The various facets of AML come together to combat financial crime::

  • Regulations, such as the US’s reporting requirement for any transaction of $10,000 or more, or Australia’s additional information requirements for cash transactions over AUD 10,000, make it harder for someone to disguise large sums of money.
  • An organization’s internal processes align with those regulations and also outline what AML teams need to do to find the source of laundered money.
  • AML teams monitor, detect and report any suspected instances of money laundering.
  • The team’s software supports that work by knowing what patterns to look for in transactions.

What is the AML process?

The AML process mirrors the various stages of money laundering. Money launderers rely on complex, overlapping layers of transactions to obscure the origins of their money. The AML process peels those layers back one by one to reveal the money’s origins.

It’s important to understand the three stages of money laundering to see how the AML processes works:

  • Placement. This is the first stage of money laundering, in which a criminal places ill-gotten proceeds into a legitimate financial instrument. This could be done through the payment of an invoice or putting money into an offshore banking account, for example.
  • Layering. With the money in the system, the money launderer must make a series of transactions to decouple funds from their source. This could involve the purchase of foreign money orders or the purchase of assets like real estate.
  • Integration. This is the final stage, when the laundered money comes out of the wash and goes back into legitimate financial accounts. With the sale of a real estate purchase, for example, the organization’s money now has a new, seemingly legitimate source.

The AML process works within these three stages. It flags instances of placement, it investigates the layering of potentially ill-gotten funds, and it analyzes whether a trail of legitimately integrated funds has an illicit origin.

A financial institution manages detection, investigation and risk management at each stage, and can draw different conclusions depending on the stage. Artificial Intelligence (AI) and machine learning can now be deployed to support the correct divination for a transaction holistically across all three stages and support more effective and efficient decision making.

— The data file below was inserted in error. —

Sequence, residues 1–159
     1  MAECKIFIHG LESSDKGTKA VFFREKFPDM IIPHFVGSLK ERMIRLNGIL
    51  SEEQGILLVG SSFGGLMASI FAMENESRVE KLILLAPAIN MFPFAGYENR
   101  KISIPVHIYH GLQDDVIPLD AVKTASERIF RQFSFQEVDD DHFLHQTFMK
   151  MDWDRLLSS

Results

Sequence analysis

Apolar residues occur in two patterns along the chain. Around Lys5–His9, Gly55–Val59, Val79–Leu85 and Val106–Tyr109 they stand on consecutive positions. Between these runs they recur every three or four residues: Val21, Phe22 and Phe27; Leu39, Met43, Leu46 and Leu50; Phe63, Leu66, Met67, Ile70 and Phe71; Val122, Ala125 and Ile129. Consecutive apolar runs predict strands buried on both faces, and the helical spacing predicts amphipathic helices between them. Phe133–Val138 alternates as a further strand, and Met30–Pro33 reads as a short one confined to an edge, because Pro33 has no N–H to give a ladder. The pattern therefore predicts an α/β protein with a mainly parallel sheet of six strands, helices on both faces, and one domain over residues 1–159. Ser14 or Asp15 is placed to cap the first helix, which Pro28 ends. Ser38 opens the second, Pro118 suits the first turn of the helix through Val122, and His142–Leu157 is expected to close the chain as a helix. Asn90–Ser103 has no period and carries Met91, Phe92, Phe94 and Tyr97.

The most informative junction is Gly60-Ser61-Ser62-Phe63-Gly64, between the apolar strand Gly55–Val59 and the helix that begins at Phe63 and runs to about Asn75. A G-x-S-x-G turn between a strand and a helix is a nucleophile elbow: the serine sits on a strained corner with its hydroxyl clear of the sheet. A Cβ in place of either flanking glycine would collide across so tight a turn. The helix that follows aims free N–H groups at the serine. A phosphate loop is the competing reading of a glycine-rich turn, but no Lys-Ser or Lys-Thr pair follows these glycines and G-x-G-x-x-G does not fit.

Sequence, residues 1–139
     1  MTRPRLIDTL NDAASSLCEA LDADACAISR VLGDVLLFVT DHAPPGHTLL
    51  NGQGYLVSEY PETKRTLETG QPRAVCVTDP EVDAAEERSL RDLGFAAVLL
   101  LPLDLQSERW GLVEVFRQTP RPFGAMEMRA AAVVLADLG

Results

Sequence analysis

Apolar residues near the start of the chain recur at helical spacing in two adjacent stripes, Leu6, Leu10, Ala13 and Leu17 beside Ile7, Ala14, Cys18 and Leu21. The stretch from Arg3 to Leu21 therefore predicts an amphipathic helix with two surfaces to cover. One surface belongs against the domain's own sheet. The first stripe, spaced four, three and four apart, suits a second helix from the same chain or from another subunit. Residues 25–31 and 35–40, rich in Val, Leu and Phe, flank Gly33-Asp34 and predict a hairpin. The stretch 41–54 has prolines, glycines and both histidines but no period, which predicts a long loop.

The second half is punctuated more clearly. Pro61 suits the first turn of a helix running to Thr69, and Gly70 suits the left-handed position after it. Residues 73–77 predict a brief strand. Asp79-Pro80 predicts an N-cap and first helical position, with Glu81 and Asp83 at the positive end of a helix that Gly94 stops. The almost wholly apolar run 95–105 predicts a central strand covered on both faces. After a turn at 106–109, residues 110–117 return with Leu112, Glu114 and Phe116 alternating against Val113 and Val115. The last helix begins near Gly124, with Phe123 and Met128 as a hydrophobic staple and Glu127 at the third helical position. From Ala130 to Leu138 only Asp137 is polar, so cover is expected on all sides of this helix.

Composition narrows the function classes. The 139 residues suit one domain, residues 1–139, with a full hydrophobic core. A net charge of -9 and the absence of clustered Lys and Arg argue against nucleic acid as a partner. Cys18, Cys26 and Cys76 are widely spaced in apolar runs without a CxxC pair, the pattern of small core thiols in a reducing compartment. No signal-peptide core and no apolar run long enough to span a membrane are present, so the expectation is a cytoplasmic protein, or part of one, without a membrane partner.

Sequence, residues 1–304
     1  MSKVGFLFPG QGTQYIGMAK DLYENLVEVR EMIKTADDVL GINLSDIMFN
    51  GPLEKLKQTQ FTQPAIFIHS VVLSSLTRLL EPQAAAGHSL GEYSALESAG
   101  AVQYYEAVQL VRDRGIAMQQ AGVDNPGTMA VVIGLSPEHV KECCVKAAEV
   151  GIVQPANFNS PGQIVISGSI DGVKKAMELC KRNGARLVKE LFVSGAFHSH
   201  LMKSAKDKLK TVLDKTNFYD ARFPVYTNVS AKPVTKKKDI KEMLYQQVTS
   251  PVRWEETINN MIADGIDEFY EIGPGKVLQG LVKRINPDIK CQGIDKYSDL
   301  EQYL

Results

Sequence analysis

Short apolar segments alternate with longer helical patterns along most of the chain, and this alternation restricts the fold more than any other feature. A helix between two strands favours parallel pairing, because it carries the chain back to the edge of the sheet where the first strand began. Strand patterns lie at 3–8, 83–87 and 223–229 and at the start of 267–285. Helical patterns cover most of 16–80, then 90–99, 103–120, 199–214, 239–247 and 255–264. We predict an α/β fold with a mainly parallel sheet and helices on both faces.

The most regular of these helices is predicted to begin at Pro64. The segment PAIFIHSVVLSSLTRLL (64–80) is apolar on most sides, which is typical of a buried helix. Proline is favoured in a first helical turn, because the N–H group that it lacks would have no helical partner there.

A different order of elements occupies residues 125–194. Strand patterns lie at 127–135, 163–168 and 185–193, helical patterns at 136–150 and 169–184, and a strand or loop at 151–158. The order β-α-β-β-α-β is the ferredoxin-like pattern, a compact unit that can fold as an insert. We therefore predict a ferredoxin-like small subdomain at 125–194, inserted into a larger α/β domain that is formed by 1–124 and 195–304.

How do financial institutions ensure AML compliance?

Any organization responsible for AML compliance must create a compliance program. This creates a formal basis upon which you can build compliance norms (e.g. transaction monitoring, policies for reporting). When thinking of the various facets of AML, selecting the right technology partner to support this program is crucial.

Featurespace anti-money laundering solution

Featurespace’s software, ARIC™ Risk Hub, has been built to give organizations a holistic view of financial crimes risk. Powered by Adaptive Behavioral Analytics, ARIC™ Risk Hub keeps the costs of compliance down and reduces the number of false positives.

Its applications span the various sectors responsible for AML:

  • In retail banking, our solutions can surface unknown threats with artificial intelligence that remains explainable to any regulators or auditors.
  • In the payments sectors, ARIC™ Risk Hub helps companies instantly detect anomalous behavior because Adaptive Behavioral Analytics allows it to constantly learn about normal customer behavior.
  • In insurance, ARIC™ Risk Hub pulls insightful data points from customers, brokers, agents and carriers to create dynamic behavior profiles. It’s within that context that our solutions spot illicit behavior.

Machine Learning in AML for a Global Bank

A few years ago, HSBC recognized inefficiencies in the transaction monitoring capabilities of its insurance business. Insurance products with investment value can be exploited by criminals and incumbent transaction monitoring solutions don’t traditionally cater for this sector.

HSBC reached out to Featurespace for help. Our team began a cloud-based implementation of  ARIC™ Risk Hub that eventually became the first AML application in the entire HSBC organization that used both rules-based and machine learning models to monitor transactions and generate alerts automatically.

That implementation allowed HSBC to prioritize alerts so its AML teams could commit resources strategically and efficiently, not lose their time aggregating and collating alert information.

Further, the continuous learning that ARIC™ Risk Hub brings to HSBC’s AML stack means new rules can be added and existing rules optimized as needed at no additional cost.

To learn more, have a look at our HSBC video case study.

Find out how we can help you

Our team has worked with numerous leading banks and financial institutions to bolster their AML capabilities. To see how we could do the same for you, request a demo of our ARIC™ Risk Hub.